• Healing –The ability a living organism has to repair and/or replace and/or compensate for damage to its physical structure.
the biological principles3
The Biological Principles

20. The Mission of Innate Intelligence

The mission of the body’s innate intelligence is to maintain the material of the body of a living thing in active organization.

active organization
Active Organization
  • In living organisms, innate intelligence is expressed not only through atomic and molecular organization, but through higher order interactive processes as well. These processes (the signs of life) involve matter and energy exchange with the environment, self-creation, self-transformation, self-maintenance, and reproduction.
  • This is the “active organization” referenced in Principle 20
innate forces
Innate Forces
  • Innate intelligence creates the information (not the energy) in innate forces.
    • The energy and matter is assimilated from outside the living thing (universal forces).
    • We assimilate chemical energy (carbohydrates).
    • We assimilate “building blocks” (proteins, lipids, DNA).
    • Innate intelligence adapts (transforms) these universal forces into innate forces to reorganize the matter into the body of the living thing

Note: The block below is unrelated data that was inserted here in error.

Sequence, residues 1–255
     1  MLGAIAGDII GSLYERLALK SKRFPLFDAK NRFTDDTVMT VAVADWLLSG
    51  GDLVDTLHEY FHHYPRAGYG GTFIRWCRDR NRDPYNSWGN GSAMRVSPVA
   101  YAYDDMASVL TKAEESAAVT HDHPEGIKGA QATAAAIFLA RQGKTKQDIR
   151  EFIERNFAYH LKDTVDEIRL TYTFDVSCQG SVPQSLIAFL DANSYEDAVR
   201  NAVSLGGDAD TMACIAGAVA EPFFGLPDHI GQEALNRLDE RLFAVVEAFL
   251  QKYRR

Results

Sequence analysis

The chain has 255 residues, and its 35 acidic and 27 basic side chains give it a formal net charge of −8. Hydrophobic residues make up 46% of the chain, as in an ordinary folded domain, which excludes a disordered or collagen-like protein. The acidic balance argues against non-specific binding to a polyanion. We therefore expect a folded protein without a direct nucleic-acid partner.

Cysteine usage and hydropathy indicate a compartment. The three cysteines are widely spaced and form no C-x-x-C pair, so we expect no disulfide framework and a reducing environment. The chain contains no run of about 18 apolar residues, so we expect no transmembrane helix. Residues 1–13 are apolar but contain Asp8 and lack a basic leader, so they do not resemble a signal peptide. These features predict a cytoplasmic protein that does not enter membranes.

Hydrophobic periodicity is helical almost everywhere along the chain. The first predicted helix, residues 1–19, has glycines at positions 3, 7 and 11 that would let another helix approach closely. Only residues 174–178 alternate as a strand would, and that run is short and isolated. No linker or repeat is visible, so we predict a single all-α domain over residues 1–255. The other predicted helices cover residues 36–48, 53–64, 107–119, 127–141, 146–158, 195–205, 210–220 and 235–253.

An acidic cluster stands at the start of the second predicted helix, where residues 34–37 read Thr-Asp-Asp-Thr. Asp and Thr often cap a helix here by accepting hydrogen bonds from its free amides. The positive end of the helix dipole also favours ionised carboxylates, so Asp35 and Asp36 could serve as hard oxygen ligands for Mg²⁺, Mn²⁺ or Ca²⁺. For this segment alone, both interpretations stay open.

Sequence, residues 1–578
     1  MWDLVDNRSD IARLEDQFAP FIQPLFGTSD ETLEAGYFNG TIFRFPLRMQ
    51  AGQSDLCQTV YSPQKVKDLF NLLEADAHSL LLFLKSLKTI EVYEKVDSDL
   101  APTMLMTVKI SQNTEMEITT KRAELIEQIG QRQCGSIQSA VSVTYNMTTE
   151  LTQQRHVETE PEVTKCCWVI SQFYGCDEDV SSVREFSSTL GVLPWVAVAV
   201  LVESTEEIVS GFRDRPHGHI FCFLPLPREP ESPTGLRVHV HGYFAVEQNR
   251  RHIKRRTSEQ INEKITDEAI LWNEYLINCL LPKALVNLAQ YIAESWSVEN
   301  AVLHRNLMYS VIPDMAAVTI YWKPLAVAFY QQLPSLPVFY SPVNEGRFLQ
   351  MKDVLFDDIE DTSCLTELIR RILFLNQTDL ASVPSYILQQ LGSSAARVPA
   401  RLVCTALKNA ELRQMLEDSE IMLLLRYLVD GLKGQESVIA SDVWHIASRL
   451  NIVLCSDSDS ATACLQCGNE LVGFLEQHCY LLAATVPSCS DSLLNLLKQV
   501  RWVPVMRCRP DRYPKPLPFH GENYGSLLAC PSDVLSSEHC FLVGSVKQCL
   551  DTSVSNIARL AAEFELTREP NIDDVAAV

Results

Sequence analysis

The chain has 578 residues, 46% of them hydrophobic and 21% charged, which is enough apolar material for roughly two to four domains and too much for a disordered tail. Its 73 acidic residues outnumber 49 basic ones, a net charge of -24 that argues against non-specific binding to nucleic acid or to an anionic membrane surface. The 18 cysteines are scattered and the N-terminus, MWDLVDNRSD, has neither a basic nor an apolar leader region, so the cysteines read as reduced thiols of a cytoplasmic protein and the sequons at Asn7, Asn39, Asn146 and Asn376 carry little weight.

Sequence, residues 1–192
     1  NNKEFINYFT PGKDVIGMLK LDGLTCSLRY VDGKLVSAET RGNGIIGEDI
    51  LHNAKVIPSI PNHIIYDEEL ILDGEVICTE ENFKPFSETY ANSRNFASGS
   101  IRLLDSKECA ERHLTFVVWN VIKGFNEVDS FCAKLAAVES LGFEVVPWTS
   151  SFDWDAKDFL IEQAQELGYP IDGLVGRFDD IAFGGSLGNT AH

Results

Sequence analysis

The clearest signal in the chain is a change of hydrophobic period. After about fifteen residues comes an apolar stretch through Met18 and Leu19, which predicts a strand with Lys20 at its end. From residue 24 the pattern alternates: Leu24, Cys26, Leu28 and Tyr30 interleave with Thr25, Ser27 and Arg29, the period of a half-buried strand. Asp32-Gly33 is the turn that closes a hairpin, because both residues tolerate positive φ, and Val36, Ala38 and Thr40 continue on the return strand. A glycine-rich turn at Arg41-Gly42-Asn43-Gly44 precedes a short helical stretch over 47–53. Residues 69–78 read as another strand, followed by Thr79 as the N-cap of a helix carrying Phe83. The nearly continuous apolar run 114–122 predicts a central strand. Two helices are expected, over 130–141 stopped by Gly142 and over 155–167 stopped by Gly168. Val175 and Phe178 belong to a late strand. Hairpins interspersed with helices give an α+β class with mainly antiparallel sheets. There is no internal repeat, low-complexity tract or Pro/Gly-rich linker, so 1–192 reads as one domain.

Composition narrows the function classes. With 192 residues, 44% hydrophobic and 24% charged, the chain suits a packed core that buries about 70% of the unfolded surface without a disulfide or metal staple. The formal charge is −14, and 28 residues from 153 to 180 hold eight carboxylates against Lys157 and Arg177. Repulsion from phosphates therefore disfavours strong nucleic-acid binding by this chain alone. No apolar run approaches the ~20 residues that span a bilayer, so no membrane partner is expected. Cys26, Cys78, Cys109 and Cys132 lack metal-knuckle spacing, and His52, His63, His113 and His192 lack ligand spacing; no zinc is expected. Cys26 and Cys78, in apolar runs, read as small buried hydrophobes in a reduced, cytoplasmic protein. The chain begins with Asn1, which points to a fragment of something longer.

innate forces1
Innate Forces
  • The matter of the living thing (its body) expresses the information in innate forces as biological function.
    • The information is immaterial until it is expressed as physiological function.
    • The information in nerve impulses (electrochemical forces) is expressed as very quick, very specific physiological changes.
    • The information in hormones (chemical forces) is expressed in slower, systemic physiological changes.
    • The function of a living thing, and therefore the health of a living thing, lies in the expression of the specific information in these innate forces.
the biological principles4
The Biological Principles

25. The Limits of Adaptation

The body’s innate intelligence adapts forces and matter for the body’s use as long as it can do so without breaking a universal law;…

the biological principles5
The Biological Principles

25. The Limits of Adaptation other words, its expression is limited by the limitations of matter and time.

limits of adaptation
Limits of Adaptation
  • Any organism’s adaptability (its potential adaptive range) is limited by the form of the organism (Principle 25)* and the time adaptive processes require. (Principle 25)**

*Stephenson’s Chiropractic Text Book, Article 23, p. xxxii, **p. xxxi

  • Any particular adaptation is limited by the individual’s genetics, history, diet, neurological integrity
  • Subluxation would be considered a limiting factor in the expression of any specific adaptive response)
the biological principles6
The Biological Principles

30. The Cause of Dis-ease

Interference with the transmission of innate forces causes incoordination, or “dis-ease.”

the chiropractic principles
The Chiropractic Principles
  • The last 3 principles are specific to living organisms with nerve systems and spinal columns, characterizing the role of the forces traveling over these structures and identifying the problem of interference and dis-ease (incoordination). They are termed the chiropractic principles.
the chiropractic principles1
The Chiropractic Principles

33. Subluxations

Interference with transmission in the body is often directly or indirectly due to subluxations in the spinal column.